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Drafting Table - Plywood, MDF, Melamine, etc.

jtotherod's picture


I'm planning on building a drafting table soon.  I already have a design in mind but I'm having a difficult time deciding the material.

I will be covering whatever material I decide to use with laminate/formica.  I need a smooth and flat surface.  My issue with plywood is that I'm afraid of warping.  My issue with MDF is that I'm afraid the screws needed for the mounting hardware won't hold up.

So what would be your suggestions and do you have any tips for either material?


Drafting Table (post #190411, reply #1 of 9)

From my experience (B.C., Before Computers -- back when drafting was done with pencils on paper) the cheapest, flattest table top was a slab-sided hollow-core door.  I learned this from a drafting instructor in college.  It worked for him and, subsequently, for me.  The biggest challenge is not the table top but how to support it.  My instructor told me that when he was in school he put hinges on the bottom of the top edge and attached those to the wall.  He then used hinges on the bottom edge to attach lengths of 2x4s that braced against another piece of 2x4 attached horizontally along the wall. So whenever the table was needed, the top was pulled out from the wall until the 2x4s could be swung up and held in place against the wall. (I, on the other hand, designed and built a mahogany table to support the hollow-core top.  That was a bit of overkill, but it still works and looks beautiful after all of these years.)

Thanks Richard.  I've seen (post #190411, reply #2 of 9)

Thanks Richard.  I've seen the hollow core door tables and they work very good but I don't think they will work for my application.  I will be starting a Landscape Architecture program in August and the program is about 50/50 between computer and hand graphics.  The plans I typically work on are 36" x 48", so I need a pretty good sized table.  I have a small rectangular office space/room at my house and plan on building a custom L-Shaped desk.  I've used formica many times, so I'm very comfortable with the material and process.  I've attached a picture similar to what I plan on doing except I want to use a drafting style table against the back wall instead of a flat top.  I've just never built a drafting table(only countertops/desks) and having a hard time deciding on a material.  I would prefer MDF but I'm worried about stripping the screws out when mounting the brackets.  Thanks for your suggestion though, I appreciate that!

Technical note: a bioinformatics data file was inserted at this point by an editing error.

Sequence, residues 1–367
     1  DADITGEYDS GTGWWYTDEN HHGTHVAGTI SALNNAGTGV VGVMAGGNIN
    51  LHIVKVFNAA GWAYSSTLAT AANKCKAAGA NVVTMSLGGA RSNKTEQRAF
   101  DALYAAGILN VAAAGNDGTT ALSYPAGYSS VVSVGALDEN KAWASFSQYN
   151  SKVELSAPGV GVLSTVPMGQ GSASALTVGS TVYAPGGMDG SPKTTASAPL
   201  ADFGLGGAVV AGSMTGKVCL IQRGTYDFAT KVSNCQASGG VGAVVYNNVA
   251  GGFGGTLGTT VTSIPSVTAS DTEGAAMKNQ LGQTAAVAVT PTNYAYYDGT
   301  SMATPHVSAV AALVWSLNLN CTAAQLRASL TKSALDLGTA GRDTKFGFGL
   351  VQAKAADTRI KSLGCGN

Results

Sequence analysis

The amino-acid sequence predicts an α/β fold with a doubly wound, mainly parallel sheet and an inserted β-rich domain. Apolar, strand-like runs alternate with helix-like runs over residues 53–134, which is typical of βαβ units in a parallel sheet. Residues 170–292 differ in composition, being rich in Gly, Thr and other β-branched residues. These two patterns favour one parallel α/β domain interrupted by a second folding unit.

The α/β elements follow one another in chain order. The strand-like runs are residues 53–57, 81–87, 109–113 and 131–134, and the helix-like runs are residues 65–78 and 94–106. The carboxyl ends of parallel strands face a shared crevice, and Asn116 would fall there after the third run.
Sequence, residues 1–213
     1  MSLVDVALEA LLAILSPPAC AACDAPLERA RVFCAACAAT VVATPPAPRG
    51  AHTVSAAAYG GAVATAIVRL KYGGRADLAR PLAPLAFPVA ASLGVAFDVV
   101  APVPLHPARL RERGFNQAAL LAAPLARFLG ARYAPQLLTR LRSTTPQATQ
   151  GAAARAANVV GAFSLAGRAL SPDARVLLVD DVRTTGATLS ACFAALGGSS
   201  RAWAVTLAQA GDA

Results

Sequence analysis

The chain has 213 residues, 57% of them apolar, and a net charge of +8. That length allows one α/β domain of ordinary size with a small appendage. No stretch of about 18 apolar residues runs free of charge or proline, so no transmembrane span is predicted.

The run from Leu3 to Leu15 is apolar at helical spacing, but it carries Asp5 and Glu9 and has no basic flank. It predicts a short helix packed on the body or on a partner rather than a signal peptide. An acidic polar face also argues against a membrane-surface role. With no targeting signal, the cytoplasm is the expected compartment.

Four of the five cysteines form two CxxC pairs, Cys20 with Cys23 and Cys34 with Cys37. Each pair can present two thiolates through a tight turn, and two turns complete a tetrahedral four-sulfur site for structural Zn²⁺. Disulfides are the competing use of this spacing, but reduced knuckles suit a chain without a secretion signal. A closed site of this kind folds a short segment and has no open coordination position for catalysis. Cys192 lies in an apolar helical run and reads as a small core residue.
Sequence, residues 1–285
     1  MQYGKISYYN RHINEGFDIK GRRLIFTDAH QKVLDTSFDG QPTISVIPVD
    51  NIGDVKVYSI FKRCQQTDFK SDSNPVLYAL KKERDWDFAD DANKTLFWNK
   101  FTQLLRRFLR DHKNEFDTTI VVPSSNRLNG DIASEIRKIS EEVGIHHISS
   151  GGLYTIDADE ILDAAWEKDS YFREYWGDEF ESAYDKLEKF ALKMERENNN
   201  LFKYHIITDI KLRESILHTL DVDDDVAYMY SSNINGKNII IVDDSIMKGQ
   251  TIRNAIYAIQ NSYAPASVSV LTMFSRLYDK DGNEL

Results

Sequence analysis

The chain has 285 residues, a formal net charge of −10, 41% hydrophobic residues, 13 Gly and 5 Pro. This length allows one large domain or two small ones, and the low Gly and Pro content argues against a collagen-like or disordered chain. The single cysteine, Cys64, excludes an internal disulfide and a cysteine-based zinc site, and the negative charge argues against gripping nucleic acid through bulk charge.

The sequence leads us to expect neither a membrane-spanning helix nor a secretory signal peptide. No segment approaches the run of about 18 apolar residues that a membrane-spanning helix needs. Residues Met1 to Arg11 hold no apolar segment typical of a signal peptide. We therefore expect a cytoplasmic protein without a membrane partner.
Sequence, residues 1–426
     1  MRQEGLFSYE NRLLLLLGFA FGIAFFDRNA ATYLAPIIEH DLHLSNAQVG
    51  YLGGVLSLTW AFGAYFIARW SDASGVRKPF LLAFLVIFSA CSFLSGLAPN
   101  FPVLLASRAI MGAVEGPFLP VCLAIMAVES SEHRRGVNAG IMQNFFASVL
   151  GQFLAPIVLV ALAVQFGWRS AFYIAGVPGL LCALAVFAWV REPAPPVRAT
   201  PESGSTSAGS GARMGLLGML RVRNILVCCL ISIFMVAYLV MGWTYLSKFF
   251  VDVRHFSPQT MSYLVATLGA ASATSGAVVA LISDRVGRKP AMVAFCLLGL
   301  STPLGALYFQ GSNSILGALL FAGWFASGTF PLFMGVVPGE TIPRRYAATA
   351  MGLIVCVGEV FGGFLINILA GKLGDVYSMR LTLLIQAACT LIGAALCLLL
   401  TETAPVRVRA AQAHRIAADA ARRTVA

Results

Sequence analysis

mobile-office-interior-0510-l.jpg67.48 KB

MDO Plywood (post #190411, reply #3 of 9)

Primed MDO plywood (both sides) runs about 68.00-3/4x4x8.  I've found the primed both sides (a smooth hard "paper" like "veneer") to be the most flat off the pile.  Primed one side usually has a slith bow in it-if your plans would work "straightening " it, you'd save 10.00 on one side primed.

Comes 1/2" also.

Less slippery than laminate-but quite smooth.  You'd have to deal with the edges.  Could wood edge with a lip if you intend to tip the table top.

If you use MDF, the plastic inserts (for the small screws) used with euro hinges on cab doors help prevent pullout.

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drafting table (post #190411, reply #8 of 9)

most offices no longer use the tables. I bought a nice electric lift table for cheap, My wife just finished designing a kitchen on it, and she is good aon the computer but likes drawing better, she taught Art and computer classes.

A 4 x 8 sheet of 3/4 melamine (post #190411, reply #4 of 9)